On this day 80 years ago, bluesman Robert Johnson was, for the very first time, recorded—in a San Antonio studio. Only 41 takes of the musician were ever recoded during his lifetime, but the mysterious talent inspired a blues-rock revolution in the decades that followed through young fans like Eric Clapton and Keith Richard. HEAR his performance of Crossroads… (1936)
MORE Good News on this Date:
- French mathematician, scientist, and religious philosopher Blaise Pascal experienced an intense mystical vision that marked his life (1654)
- The clipper Cutty Sark was launched from Scotland, the only one still surviving to this day (1869)
- The first jukebox, a “Nickel-in-the-slot player” built by the Pacific Phonograph Company, debuted at the Palais Royale Saloon in San Francisco to rave reviews (1889)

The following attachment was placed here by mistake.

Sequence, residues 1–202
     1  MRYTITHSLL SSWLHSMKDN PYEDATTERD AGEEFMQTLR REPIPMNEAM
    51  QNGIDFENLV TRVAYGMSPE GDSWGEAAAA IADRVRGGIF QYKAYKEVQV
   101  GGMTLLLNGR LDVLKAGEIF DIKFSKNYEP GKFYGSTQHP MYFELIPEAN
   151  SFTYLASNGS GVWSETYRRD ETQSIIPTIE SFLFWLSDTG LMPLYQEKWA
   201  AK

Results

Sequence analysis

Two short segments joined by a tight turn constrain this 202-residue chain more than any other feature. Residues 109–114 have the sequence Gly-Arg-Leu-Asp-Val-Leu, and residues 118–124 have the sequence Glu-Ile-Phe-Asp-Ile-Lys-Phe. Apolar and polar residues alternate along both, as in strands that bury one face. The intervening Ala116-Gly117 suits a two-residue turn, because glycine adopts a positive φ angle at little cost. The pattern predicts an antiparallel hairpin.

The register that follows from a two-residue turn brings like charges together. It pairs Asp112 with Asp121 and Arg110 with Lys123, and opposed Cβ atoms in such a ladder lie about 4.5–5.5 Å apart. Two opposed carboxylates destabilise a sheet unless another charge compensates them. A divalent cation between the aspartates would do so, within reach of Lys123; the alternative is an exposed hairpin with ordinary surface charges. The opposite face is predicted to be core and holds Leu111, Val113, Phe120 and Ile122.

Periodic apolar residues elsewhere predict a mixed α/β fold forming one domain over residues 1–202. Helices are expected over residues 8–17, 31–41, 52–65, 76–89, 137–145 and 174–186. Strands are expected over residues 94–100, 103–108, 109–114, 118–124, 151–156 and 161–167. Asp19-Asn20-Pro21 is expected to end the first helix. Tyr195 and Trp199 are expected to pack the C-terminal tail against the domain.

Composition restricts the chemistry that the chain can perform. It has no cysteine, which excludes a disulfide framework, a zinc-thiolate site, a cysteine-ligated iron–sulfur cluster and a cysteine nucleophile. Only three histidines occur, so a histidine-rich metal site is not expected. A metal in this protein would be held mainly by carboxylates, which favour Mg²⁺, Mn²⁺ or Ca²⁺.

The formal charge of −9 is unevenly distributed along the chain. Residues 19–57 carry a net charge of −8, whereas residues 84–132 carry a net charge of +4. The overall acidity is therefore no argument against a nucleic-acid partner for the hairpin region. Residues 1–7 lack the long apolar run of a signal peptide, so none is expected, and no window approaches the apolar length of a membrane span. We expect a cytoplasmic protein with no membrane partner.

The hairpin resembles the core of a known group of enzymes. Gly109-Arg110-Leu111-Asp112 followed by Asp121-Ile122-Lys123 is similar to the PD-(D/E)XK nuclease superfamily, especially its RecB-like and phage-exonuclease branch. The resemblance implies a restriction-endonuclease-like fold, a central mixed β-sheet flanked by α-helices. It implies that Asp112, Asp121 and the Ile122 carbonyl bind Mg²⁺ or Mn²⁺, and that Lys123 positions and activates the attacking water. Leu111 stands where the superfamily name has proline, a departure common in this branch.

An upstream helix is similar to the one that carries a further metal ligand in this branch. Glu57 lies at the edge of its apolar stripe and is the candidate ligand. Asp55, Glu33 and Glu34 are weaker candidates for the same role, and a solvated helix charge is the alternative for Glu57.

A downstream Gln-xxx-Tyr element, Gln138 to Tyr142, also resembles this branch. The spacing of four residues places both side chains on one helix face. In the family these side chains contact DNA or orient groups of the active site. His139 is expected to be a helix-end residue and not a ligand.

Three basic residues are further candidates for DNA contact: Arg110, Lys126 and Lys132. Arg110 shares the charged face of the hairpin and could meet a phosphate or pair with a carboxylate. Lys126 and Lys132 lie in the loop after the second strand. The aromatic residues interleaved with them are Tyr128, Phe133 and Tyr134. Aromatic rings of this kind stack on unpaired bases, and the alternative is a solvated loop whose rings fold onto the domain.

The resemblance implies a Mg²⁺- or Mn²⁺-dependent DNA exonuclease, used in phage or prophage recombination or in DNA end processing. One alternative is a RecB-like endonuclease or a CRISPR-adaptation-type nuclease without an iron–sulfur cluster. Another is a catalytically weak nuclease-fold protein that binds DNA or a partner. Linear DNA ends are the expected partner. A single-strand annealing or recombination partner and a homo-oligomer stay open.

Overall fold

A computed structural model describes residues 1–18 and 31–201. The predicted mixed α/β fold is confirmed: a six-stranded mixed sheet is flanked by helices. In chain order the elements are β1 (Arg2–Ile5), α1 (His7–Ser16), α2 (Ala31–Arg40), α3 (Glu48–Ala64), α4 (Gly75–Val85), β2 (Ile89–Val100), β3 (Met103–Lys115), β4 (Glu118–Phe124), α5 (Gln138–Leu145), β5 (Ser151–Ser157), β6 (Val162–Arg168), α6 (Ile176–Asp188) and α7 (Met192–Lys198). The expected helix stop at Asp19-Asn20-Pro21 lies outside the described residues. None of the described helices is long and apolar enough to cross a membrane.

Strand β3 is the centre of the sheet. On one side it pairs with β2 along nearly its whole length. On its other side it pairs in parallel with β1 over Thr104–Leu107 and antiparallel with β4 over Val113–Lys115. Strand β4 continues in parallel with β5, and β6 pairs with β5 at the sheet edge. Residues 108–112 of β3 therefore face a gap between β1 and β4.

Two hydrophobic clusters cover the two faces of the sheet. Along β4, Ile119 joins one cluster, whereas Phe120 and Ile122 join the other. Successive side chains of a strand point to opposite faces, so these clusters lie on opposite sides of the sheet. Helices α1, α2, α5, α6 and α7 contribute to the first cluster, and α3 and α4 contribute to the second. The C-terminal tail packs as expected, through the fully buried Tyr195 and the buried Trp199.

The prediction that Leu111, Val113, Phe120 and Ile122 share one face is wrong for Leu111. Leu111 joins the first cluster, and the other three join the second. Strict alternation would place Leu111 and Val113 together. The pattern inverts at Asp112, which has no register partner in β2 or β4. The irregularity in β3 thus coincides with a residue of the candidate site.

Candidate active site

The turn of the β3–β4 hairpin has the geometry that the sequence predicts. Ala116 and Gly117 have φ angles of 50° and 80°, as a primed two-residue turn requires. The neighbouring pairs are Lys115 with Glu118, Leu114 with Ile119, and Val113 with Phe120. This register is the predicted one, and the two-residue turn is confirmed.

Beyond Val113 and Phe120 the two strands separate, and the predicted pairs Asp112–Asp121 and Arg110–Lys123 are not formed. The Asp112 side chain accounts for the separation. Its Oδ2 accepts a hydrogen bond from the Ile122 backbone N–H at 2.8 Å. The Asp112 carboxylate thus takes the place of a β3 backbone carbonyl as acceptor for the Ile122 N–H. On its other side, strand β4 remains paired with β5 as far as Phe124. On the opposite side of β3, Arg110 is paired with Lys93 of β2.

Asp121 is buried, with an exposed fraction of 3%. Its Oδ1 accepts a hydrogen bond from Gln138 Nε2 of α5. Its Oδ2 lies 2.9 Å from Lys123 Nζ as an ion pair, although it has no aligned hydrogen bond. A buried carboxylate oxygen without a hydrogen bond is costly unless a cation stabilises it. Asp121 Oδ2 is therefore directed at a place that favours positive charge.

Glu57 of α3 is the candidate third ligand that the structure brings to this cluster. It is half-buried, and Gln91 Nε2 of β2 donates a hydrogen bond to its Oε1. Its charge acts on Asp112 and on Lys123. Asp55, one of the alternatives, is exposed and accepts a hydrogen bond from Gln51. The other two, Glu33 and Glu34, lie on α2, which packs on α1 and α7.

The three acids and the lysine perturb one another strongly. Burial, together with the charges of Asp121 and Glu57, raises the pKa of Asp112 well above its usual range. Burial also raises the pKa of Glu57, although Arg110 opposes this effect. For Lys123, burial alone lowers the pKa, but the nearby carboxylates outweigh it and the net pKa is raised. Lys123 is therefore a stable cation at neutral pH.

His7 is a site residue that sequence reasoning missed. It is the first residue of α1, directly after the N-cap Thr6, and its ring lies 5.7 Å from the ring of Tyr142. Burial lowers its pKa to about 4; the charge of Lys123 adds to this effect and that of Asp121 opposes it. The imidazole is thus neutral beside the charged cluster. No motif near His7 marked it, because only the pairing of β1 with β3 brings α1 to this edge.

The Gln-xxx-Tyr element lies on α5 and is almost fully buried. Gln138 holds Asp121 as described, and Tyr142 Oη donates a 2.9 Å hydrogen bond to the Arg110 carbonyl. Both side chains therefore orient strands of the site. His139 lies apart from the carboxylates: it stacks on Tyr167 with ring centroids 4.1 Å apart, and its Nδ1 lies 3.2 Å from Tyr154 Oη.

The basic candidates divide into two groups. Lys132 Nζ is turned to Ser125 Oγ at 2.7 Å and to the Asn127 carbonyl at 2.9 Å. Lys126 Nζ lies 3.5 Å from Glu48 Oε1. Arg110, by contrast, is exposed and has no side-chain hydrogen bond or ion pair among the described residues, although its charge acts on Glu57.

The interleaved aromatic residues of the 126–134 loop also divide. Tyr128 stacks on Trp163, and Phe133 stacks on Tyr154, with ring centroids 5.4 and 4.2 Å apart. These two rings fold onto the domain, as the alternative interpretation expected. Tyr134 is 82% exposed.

- The first edition of Life magazine was published by Henry Luce (1936)
- The first all-female expedition to the South Pole began their 70-day, 1287-km ski trek — 3 American women, 1 Japanese woman and 12 Russians (1990)
Sirleaf was jointly awarded the 2011 Nobel Peace Prize with two other women for her “non-violent struggle for the safety of women and for women’s rights to full participation in peace-building work.” In 2010, Sirleaf released her first book, This Child Will Be Great: Memoir of a Remarkable Life by Africa’s First Woman President.